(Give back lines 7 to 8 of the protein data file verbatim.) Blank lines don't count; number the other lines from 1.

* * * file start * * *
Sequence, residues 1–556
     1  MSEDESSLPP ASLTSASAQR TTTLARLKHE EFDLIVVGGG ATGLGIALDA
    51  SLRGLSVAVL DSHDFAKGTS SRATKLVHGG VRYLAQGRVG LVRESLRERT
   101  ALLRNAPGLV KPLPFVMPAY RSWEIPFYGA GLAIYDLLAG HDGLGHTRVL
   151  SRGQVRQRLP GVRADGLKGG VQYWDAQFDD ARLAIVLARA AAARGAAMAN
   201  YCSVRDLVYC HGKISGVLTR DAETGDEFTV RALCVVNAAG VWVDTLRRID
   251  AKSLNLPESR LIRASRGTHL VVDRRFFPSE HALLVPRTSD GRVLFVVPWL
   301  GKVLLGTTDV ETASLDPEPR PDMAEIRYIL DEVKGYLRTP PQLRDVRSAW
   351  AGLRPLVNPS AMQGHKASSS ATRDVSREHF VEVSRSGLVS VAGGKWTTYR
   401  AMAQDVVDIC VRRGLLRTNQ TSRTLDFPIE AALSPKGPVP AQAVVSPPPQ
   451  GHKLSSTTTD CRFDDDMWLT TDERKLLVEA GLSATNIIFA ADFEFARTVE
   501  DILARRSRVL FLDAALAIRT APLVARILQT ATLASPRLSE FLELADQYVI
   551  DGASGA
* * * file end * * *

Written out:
   251  AKSLNLPESR LIRASRGTHL VVDRRFFPSE HALLVPRTSD GRVLFVVPWL
   301  GKVLLGTTDV ETASLDPEPR PDMAEIRYIL DEVKGYLRTP PQLRDVRSAW